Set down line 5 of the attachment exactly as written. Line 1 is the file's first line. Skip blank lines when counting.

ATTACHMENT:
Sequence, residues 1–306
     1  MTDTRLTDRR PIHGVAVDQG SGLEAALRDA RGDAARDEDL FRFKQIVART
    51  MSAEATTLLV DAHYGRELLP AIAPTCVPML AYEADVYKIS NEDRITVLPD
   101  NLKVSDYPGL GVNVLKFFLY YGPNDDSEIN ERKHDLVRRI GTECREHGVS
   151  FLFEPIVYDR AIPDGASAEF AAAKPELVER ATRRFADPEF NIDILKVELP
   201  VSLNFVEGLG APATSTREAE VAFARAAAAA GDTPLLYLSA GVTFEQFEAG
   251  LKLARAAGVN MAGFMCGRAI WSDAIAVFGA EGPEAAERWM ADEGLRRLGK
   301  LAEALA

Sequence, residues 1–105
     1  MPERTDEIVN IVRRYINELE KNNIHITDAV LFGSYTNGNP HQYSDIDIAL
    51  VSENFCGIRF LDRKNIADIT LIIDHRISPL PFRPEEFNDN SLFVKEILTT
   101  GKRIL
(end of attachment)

   151  FLFEPIVYDR AIPDGASAEF AAAKPELVER ATRRFADPEF NIDILKVELP